Complex, layered and utterly original, debut novelist Derek B. Miller's Norwegian by Night is one of the most surprising and unusual novels to emerge in recent years. While there are always exceptions, a certain homogeneity has overtaken suspense novels of late, especially those set in Scandinavia. The landscape, both internal and external, is oppressive, dark, and relentlessly unforgiving. The protagonists of these novels tend to be predictable as well; brooding, troubled types on a mission who seek to reconcile their pasts while solving crimes. While Norwegian by Night has a great deal of tension and suspense, it cannot easily be classified as a thriller. And while it offers a unique insight into the country and character of Norway, it is of a very different type than such Norwegian writers as Karin Fossum or Jo Nesbø. Moreover, Sheldon Horowitz, as unusual a character to ever carry a novel, bears no resemblance to the kind of hero we've come to expect. It is to Miller's great credit that he has managed to retain all the elements of a first-rate Scandinavian thriller while turning the genre--and our expectations of it--on its ear.
The plot is deceptively simple. Octogenarian Sheldon Horowitz, a recently widowed watchmaker and Korean War veteran from New York City, has moved to Oslo with his granddaughter, Rhea, and her new husband, Lars. It's a tenuous situation--Sheldon feels out of place both as an American and as a Jew in Norway, where the Jewish population tops out at about 1,000 in a country of roughly five million people. Sheldon's son, Saul, was killed in Vietnam before Rhea's birth and her indifferent mother left the baby with Sheldon and his wife to raise. Sheldon blames himself for Saul's death (a complicated subplot that is revealed in careful increments through the novel) but he finds hope in the prospect of a new generation; Rhea is pregnant. For her part, Rhea worries that her grandfather may be suffering from dementia and when she miscarries at the beginning of the novel, she fears the news will send him over the edge. At this point, the novel takes one of the many left turns that keep the reader engaged and guessing. While Rhea and Lars are out, Sheldon witnesses the brutal murder of his upstairs immigrant neighbor, a Balkan woman whose six-year-old son hides from the attacker. Haunted by war and loss and increasingly merging fantasy and memory with reality, Sheldon decides the safest thing to do is to go on the run with the boy, who speaks no English and remains mute for the entire novel. Given Sheldon's age and dubious mental state, it seems unlikely that this odd pair will get very far, but Sheldon is sharper than his granddaughter (and, indeed, the reader) thinks. Despite being penniless, not knowing the language or geography of Norway, and unable to communicate with his new charge in anything but gestures, Sheldon manages to elude his family, the police, and the killer in short order.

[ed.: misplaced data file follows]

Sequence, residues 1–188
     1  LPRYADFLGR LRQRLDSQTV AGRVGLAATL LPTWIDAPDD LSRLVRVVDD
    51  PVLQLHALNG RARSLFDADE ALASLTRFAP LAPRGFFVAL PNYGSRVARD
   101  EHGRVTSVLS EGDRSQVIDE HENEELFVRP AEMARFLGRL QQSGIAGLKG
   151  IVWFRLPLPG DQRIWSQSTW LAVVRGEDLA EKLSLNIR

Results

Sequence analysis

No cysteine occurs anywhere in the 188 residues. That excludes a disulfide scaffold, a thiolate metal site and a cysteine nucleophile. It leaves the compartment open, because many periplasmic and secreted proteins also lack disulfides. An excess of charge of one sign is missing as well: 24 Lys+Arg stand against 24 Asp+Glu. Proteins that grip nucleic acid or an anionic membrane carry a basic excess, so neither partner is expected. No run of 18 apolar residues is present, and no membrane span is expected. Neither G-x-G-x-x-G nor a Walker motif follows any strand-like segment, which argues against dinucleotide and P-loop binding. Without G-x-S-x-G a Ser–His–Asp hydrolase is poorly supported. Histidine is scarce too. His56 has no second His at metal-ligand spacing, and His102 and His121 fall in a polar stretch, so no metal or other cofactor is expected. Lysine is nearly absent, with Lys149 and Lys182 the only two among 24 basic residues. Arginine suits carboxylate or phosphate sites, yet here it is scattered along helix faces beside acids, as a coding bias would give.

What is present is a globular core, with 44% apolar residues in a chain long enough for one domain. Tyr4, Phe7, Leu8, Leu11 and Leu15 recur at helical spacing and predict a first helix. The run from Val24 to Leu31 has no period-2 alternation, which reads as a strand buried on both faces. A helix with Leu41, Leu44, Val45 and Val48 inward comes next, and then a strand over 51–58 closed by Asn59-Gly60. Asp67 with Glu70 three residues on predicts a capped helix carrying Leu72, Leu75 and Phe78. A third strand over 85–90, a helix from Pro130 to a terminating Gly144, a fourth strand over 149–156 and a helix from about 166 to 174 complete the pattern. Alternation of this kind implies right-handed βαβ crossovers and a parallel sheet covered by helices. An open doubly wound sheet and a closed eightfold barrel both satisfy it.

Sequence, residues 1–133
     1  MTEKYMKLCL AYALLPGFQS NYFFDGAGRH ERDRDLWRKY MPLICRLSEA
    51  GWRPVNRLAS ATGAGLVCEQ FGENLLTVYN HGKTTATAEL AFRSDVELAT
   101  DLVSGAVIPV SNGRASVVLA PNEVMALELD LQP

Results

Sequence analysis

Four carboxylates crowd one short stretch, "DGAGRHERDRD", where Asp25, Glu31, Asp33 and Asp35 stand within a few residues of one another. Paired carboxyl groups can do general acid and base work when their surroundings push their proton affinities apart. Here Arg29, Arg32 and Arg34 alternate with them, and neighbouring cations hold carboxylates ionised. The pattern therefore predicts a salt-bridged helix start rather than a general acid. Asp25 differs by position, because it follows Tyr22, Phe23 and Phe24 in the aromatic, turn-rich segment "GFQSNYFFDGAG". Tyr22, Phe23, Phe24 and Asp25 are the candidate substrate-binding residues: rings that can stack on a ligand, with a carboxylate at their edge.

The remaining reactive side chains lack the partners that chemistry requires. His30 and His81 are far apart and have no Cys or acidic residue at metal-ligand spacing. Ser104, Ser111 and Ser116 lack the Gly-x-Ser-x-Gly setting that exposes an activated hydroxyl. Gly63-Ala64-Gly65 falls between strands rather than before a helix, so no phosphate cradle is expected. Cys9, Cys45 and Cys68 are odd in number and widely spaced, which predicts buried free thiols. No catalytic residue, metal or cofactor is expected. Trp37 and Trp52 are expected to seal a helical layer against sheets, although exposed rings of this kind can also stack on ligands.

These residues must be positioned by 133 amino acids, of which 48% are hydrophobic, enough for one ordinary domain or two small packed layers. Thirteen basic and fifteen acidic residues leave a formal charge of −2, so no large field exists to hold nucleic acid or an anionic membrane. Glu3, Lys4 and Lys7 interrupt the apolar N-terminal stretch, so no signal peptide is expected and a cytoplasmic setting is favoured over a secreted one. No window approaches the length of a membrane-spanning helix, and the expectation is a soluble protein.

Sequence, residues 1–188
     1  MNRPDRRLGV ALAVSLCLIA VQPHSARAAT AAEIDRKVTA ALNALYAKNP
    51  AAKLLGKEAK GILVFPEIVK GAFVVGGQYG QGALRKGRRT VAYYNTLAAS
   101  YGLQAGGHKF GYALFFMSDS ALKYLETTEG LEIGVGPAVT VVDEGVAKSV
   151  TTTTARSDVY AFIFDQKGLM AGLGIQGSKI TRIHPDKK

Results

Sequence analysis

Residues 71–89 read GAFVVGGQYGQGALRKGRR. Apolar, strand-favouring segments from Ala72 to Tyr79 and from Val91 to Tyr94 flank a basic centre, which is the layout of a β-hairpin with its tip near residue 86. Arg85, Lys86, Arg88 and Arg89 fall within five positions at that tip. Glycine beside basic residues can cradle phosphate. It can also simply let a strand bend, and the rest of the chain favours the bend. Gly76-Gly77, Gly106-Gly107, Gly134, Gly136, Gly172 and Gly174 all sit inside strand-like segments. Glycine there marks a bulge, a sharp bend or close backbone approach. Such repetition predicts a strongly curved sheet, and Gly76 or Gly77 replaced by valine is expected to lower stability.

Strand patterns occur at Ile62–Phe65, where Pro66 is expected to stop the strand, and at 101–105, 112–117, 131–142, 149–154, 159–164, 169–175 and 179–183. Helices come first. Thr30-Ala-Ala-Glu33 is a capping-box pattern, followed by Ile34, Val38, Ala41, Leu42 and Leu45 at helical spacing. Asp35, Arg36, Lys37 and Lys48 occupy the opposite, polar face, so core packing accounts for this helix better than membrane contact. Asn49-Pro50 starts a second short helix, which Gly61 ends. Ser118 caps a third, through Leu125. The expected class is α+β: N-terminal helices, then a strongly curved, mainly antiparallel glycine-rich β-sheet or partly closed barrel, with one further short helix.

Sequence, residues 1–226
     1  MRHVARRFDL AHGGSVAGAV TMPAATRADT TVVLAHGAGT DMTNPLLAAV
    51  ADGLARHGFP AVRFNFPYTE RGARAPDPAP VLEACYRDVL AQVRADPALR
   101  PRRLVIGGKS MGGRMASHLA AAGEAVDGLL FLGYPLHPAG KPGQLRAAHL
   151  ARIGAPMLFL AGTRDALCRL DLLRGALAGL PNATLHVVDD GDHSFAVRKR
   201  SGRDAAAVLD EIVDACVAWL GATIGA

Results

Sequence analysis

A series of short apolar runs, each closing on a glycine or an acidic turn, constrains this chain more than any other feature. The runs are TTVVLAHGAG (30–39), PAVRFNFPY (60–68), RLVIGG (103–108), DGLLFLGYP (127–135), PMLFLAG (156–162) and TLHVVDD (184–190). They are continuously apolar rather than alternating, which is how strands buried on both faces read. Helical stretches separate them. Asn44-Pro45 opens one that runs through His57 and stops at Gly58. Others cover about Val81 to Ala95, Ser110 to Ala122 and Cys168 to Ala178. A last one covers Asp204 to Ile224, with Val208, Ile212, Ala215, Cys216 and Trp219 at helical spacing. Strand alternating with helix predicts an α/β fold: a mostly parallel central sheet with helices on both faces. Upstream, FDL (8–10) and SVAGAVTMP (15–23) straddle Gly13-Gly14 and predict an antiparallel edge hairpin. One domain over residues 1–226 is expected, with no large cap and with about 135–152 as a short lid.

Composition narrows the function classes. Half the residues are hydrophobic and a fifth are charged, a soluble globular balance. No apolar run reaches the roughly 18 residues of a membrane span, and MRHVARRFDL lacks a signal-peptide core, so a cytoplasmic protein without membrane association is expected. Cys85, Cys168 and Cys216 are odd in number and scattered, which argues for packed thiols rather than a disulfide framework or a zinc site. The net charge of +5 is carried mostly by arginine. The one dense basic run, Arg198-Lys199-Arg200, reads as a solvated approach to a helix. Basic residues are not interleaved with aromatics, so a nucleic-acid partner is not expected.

Once Sheldon escapes, the novel splits into four points of view that crisscross each other throughout the novel, ultimately converging in a small summer farmhouse in the countryside. The first is that of Rhea and Lars, whose new but respectful and loving marriage Miller describes with wonderful economy and subtlety. Through Rhea we also learn more about Sheldon's past, the softer side that he is unable to reveal, and the depth of his devotion to his granddaughter. Then there is Chief Inspector Sigrid Ødegård, the steely, dry-witted but highly intuitive detective in charge of the murder case, who, along with her equally dry partner Petter, offers a native's insight into Norway. Sigrid quickly figures out that the crime is connected to an Albanian war criminal, Enver, whose rape of the dead woman during the war in the Balkans produced the child whom Sheldon is hiding. Enver, chilling, single-minded, and almost casually evil, is the third point of view in the novel. Through him, Miller offers readers a window into the ability of war to warp, twist, and destroy morality. Finally, there is Sheldon himself--irascible, melancholy and possessed of a razor-sharp ironic wit--whose desire to right the wrongs of his past, both real and imagined, drives him and the boy on their increasingly dangerous journey.
Merging themes, viewpoints, and even genres in one compact novel, Norwegian by Night could easily have been twice as long without risking reader fatigue. Yet part of the deep satisfaction of this affecting book is Miller's ability to carefully build his scenes and dialogue with multiple layers of meaning. The story is moving yet never sentimental, intricate yet effortless. Miller takes readers down many paths, commenting thoughtfully on war, family, country, identity and the personal as political, yet never loses the tension or propulsion of his story. Thought-provoking, evocative, and wry in the best way, Norwegian by Night is a remarkable novel. --Debra Ginsberg, author